"There were nights I cried my butt off because I wanted to be out of the hospital so bad," Schumacher said.
He wanted to play with his 2-year-old son, Chase, who was his inspiration. He wanted to take long walks hand-in-hand with his wife. He wanted to be around his friends, laughing and joking.
And yes, he still wanted to play softball.
It took him nearly a year to recover. At first, he couldn't walk and got around on a wheelchair for a week. Then it took all his strength and another two weeks just to take two steps. After another month, he was walking around the house _ then outdoors. Weeks later, he started to run - slowly. He knew he was going to make it back.
During his rehabilitation, Schumacher saw the true meaning of family and friendship.
The medical bills piled up, reaching about $150,000. But his friends, especially his teammates, raised about $10,000 in donations through various fund-raisers. Though his insurance paid most of the medical bills, the donations certainly helped the family through the troubled times.
He received about "60 or 70" cards and letters from people, some he didn't even know, urging him to keep going. His teammates were among them, checking up on him just about every day.
"People went out of their way for me," he said. "There are a lot of people I owe (emotionally) who I can never pay back. That support really helped me get through this."
And so did prayers. Schumacher is not ashamed to say it, either.
"You bet I prayed. I thank God everyday for my health," he said.
Schumacher's courage is inspirational, said Home Run Softball Club coach Al Griffin.
"He about cashed it in," Griffin said. "We're really proud of him. He's a great example of courage and desire."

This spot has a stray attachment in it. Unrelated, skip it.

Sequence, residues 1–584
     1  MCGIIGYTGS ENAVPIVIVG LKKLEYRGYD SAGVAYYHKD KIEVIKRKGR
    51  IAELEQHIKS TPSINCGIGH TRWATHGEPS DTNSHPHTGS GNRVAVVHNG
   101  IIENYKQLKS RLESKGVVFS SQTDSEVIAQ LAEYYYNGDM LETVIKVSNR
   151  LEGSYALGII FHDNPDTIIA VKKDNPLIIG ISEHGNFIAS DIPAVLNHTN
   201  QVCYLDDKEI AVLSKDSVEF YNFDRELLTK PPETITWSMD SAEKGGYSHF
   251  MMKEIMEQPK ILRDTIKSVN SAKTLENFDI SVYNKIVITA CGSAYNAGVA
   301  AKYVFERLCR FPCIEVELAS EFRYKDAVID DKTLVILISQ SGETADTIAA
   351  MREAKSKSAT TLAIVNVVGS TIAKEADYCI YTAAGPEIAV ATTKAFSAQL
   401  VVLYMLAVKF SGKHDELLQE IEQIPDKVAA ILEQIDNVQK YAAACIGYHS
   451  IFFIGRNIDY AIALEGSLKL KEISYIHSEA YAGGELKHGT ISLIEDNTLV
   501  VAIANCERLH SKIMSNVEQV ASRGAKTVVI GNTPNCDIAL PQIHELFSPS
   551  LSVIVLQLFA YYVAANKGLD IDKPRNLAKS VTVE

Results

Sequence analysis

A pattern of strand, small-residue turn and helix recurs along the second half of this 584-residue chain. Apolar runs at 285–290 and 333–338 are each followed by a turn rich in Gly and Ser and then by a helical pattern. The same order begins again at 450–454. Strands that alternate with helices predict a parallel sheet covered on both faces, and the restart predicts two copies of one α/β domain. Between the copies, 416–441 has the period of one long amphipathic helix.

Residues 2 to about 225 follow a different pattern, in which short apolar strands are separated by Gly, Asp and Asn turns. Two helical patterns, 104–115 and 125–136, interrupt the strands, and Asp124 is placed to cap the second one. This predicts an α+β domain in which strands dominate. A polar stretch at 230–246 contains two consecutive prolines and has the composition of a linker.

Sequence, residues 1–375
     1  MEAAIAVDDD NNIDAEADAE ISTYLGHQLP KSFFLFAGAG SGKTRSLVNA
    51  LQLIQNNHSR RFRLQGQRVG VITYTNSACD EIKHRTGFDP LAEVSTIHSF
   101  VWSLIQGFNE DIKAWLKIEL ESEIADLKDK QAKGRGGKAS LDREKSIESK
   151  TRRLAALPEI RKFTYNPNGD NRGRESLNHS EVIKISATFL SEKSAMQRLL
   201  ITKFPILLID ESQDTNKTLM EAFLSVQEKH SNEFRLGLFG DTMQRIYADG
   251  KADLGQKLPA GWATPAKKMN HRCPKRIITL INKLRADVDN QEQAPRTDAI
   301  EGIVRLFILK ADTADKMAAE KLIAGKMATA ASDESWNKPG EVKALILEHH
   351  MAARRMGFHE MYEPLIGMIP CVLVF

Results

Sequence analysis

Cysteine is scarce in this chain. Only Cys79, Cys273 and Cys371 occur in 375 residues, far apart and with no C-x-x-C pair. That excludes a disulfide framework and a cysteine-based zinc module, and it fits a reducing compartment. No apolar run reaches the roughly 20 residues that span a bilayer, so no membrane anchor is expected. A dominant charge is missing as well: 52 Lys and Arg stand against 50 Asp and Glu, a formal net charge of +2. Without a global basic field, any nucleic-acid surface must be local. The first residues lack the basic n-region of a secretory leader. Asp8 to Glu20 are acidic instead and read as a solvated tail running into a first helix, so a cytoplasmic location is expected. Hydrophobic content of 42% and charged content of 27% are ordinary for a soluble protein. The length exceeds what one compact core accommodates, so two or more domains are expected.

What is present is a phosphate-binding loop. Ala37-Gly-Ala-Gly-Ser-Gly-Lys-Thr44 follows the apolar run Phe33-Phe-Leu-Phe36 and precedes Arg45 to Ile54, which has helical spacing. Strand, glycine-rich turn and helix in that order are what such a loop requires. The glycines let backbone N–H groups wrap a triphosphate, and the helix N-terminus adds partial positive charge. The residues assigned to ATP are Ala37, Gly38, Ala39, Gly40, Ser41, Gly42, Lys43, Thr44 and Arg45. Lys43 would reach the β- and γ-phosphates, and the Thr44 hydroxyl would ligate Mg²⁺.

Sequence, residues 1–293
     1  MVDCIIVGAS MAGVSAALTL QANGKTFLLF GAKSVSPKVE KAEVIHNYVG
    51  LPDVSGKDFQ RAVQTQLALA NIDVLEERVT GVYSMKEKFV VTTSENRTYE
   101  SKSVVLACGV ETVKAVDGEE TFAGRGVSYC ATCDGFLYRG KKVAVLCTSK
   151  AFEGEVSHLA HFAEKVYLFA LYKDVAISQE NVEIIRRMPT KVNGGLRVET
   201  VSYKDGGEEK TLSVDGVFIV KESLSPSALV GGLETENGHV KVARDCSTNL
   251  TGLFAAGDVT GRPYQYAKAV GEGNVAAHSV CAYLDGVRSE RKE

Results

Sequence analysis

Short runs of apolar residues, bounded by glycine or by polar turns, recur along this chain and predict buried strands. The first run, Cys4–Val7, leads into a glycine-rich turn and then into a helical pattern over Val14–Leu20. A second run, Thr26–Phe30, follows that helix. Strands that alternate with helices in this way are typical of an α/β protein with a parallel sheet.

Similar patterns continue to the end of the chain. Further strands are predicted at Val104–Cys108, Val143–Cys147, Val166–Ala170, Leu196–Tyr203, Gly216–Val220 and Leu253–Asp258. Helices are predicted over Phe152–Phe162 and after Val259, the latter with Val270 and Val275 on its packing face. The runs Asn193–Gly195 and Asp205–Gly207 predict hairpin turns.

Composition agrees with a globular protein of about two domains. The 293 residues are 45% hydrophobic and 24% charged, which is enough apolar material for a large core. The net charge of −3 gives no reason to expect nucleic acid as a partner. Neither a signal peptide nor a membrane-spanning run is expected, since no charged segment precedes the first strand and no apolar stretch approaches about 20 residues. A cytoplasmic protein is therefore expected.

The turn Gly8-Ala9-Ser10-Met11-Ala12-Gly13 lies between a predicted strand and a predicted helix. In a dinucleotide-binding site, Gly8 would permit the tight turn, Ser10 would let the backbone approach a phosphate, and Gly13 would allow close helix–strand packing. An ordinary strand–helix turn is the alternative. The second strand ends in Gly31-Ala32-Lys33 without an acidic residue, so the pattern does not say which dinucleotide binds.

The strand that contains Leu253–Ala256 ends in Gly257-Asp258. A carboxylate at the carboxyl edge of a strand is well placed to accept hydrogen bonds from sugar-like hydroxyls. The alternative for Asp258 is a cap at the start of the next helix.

For Schumacher, softball used to be a matter of life and death. These days, you can find him wearing those funky pants and goofy hats and joking around.
He still plays a lot of softball, a few times a week, and most weekends.
But you won't hear any harsh words from Schumacher, even if calls don't go his way. That happened in an elimination game against Drill City of Aurora in an elimination game of the USSSA tournament.
There was a two home run limit in the game and anything after that would be an out. Drill City had already hit its two home runs early in the game.
However, the scorekeeper failed to record one of those home runs. With two outs in the seventh inning, a Drill City player hit another home run for what should've been the final out of the game. Both teams showed in their books two previous home runs.
The umpire conferred with the official scorer and ruled the home run valid and Drill City won the game.
Schumacher smiled and shook his head.
"In my younger days, I was a real jerk," Schumacher said. "Life is too important to take the game too seriously."
After the game, he smiled again and hugged his son, who was sitting in the stands. The controversial homer wasn't important. Seeing his son in the stands was.
"I love my dad. I love to cheer him on," Chase said. "But my favorite part is watching my dad hit and see how far he can hit it."
"Sometimes it's not very far," chuckled Schumacher, as he stripped off his leopard-spotted pants and tossed them to his wife. "I'm not a very good hitter."
"And he's not a very good fashion plate either," Connie said with a laugh, as she stuffed them in a duffel bag.
Schumacher laughed, too. These days, he's not afraid to laugh.